With hot spot analysis or a lack of technology-supported patrols, officers end up patrolling the same locations over and over again with no positive impact.

To minimize the chance of over-policing, agencies need a way to measure the amount of time an officer spends in a patrol area.

One feature that helps you do this is intelligent patrol metering.

With this feature, each patrol area has a visible 15-minute timer and patrol meter to keep track of time and the number of visits to an area. This provides visual guidance on how much time should be spent in an area before moving to a new one. It also provides data on which patrol areas have already been visited and whether the area has received the prescribed amount of visits required to deter crime.

These control features significantly reduce the occurrences of over-policing and potential harm to the community.

#4. Better Reporting

Prioritize oversight and accountability.

 Better reporting allows for more visibility, oversight and accountability. To enhance these items, your police patrol software should log patrol activities including time, place and tactics used.

This will help you generate reports to see what areas officers visited during a shift, what tactics were employed and how much time was spent in each area. This provides insights into officer activities (that wouldn’t have been available with gut-based patrol or hot spot policing) and can feed future assignments and strategies.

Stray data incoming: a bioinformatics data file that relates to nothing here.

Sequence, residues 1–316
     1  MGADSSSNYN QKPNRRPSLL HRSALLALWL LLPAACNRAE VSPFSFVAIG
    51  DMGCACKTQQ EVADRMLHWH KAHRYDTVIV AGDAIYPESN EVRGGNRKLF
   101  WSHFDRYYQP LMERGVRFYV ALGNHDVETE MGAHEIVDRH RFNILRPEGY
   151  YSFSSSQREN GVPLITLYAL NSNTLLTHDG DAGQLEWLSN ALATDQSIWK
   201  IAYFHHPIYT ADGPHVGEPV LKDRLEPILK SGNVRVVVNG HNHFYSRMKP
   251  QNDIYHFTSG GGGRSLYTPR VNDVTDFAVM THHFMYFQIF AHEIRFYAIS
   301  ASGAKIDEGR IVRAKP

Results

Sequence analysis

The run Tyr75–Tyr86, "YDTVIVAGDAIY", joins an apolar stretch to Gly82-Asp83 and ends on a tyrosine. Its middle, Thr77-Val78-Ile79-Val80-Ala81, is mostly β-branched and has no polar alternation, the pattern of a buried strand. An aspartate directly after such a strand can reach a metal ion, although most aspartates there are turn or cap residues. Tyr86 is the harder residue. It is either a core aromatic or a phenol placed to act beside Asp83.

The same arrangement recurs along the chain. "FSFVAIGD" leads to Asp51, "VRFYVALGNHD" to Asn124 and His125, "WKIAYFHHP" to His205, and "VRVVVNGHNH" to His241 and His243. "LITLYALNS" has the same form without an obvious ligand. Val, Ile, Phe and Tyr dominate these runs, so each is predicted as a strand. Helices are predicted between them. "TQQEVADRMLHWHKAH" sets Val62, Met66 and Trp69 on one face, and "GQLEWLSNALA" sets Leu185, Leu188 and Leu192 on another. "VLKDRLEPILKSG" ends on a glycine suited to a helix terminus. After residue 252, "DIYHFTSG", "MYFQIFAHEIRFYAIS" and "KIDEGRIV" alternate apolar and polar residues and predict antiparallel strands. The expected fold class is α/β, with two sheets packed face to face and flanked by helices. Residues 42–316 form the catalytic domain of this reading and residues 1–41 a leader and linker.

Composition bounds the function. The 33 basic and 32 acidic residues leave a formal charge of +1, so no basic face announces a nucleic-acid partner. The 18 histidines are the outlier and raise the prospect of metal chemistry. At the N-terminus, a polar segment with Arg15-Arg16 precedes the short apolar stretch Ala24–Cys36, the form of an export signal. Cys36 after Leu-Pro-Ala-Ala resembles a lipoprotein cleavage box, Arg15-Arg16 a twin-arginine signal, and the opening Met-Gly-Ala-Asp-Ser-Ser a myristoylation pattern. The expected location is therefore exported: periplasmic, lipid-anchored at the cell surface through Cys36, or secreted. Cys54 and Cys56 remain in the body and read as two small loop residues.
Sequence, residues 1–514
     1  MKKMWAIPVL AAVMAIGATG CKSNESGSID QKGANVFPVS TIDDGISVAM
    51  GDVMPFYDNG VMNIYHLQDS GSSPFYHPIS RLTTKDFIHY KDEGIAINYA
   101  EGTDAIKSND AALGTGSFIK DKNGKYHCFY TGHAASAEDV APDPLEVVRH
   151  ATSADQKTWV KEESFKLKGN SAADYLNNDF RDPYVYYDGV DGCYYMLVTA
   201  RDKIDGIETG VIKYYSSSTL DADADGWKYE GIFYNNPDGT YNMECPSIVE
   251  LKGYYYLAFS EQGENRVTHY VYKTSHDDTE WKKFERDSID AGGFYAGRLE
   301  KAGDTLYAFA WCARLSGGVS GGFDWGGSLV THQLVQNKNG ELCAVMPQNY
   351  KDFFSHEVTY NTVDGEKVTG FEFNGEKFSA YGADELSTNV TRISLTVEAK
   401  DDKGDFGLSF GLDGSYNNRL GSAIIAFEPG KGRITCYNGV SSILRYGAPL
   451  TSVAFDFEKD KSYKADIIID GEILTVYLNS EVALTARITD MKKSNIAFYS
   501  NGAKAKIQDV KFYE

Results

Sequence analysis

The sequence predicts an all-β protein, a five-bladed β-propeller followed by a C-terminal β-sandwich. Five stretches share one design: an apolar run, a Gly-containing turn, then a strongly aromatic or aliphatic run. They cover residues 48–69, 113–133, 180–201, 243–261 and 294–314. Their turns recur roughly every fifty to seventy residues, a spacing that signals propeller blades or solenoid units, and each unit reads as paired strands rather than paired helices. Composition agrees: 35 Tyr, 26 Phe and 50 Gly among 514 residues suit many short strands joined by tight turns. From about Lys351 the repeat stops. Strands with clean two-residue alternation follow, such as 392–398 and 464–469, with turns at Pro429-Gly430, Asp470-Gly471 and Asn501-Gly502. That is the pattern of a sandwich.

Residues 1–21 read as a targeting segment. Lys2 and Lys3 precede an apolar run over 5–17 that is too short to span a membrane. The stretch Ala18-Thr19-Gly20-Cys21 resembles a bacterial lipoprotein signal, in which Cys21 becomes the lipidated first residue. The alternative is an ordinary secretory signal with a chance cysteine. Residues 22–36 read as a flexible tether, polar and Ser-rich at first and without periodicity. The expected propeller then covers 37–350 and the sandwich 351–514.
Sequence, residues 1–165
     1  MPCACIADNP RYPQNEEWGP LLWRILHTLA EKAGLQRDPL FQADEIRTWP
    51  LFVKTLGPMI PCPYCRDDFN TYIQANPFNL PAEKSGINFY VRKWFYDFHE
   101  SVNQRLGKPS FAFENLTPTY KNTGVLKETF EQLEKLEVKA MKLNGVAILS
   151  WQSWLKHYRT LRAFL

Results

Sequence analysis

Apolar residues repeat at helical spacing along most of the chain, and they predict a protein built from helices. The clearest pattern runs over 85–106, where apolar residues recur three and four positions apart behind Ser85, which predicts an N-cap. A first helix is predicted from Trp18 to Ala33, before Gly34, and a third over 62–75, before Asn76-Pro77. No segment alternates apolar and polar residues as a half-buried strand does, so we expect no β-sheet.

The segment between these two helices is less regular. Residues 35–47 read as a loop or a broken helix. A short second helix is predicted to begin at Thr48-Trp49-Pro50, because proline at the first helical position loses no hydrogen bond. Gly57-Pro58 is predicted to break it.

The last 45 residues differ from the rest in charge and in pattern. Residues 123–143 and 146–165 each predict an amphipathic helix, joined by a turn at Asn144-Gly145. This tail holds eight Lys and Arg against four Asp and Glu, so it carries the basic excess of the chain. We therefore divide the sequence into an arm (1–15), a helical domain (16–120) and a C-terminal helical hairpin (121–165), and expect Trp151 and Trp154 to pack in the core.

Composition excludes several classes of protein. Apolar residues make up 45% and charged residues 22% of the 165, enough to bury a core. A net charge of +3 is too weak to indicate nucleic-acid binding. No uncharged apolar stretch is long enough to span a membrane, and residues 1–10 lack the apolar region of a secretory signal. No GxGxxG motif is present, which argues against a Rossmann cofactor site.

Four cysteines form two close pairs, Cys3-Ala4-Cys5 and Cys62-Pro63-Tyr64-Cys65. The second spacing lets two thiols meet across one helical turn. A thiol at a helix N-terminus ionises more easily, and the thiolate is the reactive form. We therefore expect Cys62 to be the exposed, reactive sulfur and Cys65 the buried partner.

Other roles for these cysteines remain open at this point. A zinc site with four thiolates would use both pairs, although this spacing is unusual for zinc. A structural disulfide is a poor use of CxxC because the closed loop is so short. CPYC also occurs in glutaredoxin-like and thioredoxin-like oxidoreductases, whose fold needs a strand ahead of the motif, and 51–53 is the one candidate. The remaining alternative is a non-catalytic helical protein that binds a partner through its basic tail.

#5. Better Transparency

Be proactively transparent about technology and artificial intelligence (AI).

AI-based solutions across all industries are no longer a novelty, having significantly matured in recent years. However, this doesn’t mean you can implement just any solution–especially in law enforcement. Public safety is at stake, and more and more citizens are taking an increased interest in how police technology and practices will impact them.

Transparency is imperative for the responsible use of technology within civic processes.

The system you deploy must be transparent about how it works and what data it uses. You’ll want to work with a software provider that actively seeks third-party independent audits or assessments.

Conclusion

The ultimate goal of a patrol strategy should be to increase positive engagement between your agency and the community it serves while reducing crime.

By providing officers with a framework of suggested non-enforcement tactics and limiting the amount of time they spend in each area, your agency can interact with the community in a positive manner. Today, police departments have all types of technology at their fingertips—and police patrol software should be one of them.

ShotSpotter Connect is a community-first patrol management solution that uses AI to direct officers to high-risk locations to prevent crime before it occurs. Watch the 2-minute video to see how it works.

About the Author: Wendy Ethridge is a former law enforcement professional with over 15 years of experience. She served as a Crime and Intelligence Analyst at the Colorado Springs Police Department and oversaw the crime analysis unit and developed and facilitated the CompStat process for the Denver Police Department. Currently, she serves as the Director of Analytic Solutions at ShotSpotter, focusing on developing the community-first patrol management solution to help agencies maximize crime deterrence opportunities.


June 07, 2021
By: Wendy Ethridge